Owen is four weeks old today. He is getting bigger and alert more hours each day.
Here is the headshot.
Say you are a new parent whose relatives live far, far away. What if you could easily allow family to see your child doing basic things babies do without jumping on a plane? After all, grandmothers can never see enough of their grandchildren. Imagine how many cool points you would get if your mother-in-law in Chicago could watch your son sleeping (or sleepless) in Seattle. This post is a walkthrough of how I setup a webcam over Owen’s crib that can be viewed using any popular Web browser from anywhere on the Internet.
Let’s begin with the end in mind. Below is an image showing the final result. This is an actual screenshot from the webcam exactly as it was delivered to my browser. I think Owen knows when he is being watched. 🙂
The required equipment turns out to be quite simple if we make the following assumptions about your home network.
With the assumptions out of the way, the complete equipment list is as follows:
Yes, that’s it. No fancy computer or other electronics. No crazy HDMI, DVI, SCSI, IEEE-1394 or other expensive cables.
Before celebrating, you should know this is not your average Instant Messaging, MySpace or eHarmony webcam. This is a commercial-grade network camera often used by businesses and municipalities for asset monitoring and security. That means you get turnkey functionality, high quality and unsurpassed flexibility at a higher price point. What’s the damage? The Axis 207W runs $350 on Amazon. I paid $242.25 after shipping using eBay. Both prices are at the extreme of what one would typically pay for a consumer-grade USB webcam. However, you don’t need a computer or any special software to run an Axis network camera or to allow multiple people to access the camera at the same time. A single Axis camera is is also much cheaper than the roundtrip airfare it will save you and your MIL.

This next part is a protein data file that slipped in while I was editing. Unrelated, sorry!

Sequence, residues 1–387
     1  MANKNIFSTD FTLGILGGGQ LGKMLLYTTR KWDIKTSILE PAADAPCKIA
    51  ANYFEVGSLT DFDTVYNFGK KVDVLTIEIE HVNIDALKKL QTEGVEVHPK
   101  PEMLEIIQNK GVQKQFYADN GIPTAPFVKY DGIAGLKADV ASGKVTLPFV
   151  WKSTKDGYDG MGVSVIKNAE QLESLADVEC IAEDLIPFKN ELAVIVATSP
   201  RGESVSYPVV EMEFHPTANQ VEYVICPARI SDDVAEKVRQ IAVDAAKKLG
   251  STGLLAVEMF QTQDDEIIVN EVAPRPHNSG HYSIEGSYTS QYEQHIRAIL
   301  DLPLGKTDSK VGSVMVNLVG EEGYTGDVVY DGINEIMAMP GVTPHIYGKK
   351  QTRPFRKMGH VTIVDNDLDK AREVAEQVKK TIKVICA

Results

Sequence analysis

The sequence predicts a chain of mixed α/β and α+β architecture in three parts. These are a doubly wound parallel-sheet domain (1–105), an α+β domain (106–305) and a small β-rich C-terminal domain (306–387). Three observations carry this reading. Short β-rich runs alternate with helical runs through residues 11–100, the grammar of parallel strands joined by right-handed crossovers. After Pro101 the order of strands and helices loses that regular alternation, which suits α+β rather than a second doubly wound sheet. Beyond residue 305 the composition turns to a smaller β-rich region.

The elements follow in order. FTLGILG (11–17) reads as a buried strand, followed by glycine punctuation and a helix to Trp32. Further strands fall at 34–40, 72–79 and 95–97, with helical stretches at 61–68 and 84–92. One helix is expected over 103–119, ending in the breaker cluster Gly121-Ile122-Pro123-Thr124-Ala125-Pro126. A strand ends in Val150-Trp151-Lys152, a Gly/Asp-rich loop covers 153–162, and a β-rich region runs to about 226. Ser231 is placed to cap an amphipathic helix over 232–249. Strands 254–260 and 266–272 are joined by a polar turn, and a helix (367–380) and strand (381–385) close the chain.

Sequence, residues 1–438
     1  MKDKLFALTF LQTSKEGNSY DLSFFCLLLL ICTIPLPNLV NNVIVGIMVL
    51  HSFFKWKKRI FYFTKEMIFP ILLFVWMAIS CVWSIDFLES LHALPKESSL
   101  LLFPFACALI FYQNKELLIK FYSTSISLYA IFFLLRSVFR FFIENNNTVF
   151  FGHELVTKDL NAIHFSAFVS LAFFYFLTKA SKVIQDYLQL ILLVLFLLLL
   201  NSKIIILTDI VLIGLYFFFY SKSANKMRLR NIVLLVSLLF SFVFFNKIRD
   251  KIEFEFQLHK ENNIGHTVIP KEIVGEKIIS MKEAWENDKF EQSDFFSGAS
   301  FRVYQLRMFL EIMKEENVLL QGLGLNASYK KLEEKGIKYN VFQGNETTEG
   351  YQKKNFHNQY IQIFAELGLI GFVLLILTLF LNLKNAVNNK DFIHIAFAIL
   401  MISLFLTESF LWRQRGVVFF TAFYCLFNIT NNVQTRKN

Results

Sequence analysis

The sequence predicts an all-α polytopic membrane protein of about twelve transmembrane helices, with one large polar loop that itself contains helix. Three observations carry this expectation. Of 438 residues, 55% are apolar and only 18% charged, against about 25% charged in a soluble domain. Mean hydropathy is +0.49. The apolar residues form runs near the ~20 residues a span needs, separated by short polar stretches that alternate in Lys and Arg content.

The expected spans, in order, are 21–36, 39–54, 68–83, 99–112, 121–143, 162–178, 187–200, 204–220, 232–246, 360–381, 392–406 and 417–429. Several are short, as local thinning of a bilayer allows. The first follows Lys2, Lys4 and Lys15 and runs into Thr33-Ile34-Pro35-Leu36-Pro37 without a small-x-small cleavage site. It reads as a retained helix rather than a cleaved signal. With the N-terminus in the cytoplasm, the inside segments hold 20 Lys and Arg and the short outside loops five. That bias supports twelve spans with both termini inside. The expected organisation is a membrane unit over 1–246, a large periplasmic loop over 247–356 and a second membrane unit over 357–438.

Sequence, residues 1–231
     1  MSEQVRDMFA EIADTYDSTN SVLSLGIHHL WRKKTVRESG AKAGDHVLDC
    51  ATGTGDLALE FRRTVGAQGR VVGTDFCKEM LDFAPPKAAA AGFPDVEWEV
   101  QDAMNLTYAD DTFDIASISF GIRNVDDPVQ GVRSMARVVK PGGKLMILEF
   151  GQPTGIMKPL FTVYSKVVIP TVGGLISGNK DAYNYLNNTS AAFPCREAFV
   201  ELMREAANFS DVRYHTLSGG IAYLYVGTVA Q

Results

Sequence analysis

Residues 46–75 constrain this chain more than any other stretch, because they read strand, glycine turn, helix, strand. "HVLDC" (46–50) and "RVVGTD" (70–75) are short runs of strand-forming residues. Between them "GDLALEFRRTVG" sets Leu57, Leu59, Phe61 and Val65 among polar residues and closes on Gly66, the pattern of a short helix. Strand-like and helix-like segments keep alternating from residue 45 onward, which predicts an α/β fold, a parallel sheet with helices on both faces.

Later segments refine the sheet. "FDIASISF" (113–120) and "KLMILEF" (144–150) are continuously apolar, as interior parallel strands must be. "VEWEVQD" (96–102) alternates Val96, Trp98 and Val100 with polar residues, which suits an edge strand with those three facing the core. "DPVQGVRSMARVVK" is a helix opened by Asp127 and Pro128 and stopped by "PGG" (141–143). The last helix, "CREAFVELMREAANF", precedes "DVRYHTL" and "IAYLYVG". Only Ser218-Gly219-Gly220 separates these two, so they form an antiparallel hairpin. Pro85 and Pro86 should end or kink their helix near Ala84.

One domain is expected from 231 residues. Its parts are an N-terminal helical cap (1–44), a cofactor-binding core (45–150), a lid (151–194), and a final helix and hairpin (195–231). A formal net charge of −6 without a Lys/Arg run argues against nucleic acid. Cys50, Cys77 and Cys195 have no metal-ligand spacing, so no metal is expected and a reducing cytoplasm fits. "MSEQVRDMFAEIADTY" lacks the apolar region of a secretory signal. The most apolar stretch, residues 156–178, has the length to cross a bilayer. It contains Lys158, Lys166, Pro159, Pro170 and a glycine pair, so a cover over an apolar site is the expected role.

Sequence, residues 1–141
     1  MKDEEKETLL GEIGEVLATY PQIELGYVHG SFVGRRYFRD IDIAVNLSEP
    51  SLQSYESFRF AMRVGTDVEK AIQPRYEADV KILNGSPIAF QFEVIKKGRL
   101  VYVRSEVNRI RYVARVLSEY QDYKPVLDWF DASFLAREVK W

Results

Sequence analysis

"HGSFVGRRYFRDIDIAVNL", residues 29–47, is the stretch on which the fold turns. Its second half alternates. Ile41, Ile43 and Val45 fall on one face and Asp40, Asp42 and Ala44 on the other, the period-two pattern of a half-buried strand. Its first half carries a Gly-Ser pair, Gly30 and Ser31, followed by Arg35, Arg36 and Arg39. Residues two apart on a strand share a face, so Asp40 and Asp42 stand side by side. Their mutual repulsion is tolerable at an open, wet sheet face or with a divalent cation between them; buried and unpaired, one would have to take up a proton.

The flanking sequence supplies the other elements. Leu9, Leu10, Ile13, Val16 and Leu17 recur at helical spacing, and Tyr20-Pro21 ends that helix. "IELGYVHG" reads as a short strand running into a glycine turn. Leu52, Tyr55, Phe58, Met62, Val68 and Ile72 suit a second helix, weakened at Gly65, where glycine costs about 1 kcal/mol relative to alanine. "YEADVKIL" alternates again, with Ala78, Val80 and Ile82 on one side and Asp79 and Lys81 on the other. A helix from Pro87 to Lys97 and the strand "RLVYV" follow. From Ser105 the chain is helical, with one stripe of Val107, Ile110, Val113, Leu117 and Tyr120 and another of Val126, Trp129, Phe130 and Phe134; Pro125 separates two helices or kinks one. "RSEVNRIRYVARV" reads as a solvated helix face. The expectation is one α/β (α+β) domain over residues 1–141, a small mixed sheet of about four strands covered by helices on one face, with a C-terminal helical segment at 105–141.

NOTE: Be sure to get the 207W model which supports wireless and wired connections.
Once you follow the included instructions to get the camera connected to your network, configuration is straightforward.
A couple notes regarding the steps above.
Now you have a multi-user webcam that can be moved around as your child grows and needs (NannyCam?) change. How well does it work? In a word: great. Don’t take my word for it. Check out a public Axis camera running in Kiruna, Sweden. Yes, Sweden. You can also check out a list of public Axis cameras throughout the world.
But wait, there’s more. We eliminated the computer on the webcam side, what about for your visitors?
If they own an iPhone or iPod touch they can purchase Axis Cams by EyeSpyFx from Apple’s App Store for $4.99. With that program any Axis webcam can be viewed whenever their device is connected via 3G (iPhone only) or Wi-Fi (iPhone and iPod touch). You should check out TotalControl for your Windows Mobile, Blackberry or Android device.
Leave a comment if you have questions or encounter problems.
Microsoft Silverlight is required to view this photo album. Navigation is as simple as turning the pages of a magazine.
Most of the photos in this gallery were taken by Sandra Coan. She does great work and is a wonderful person to boot.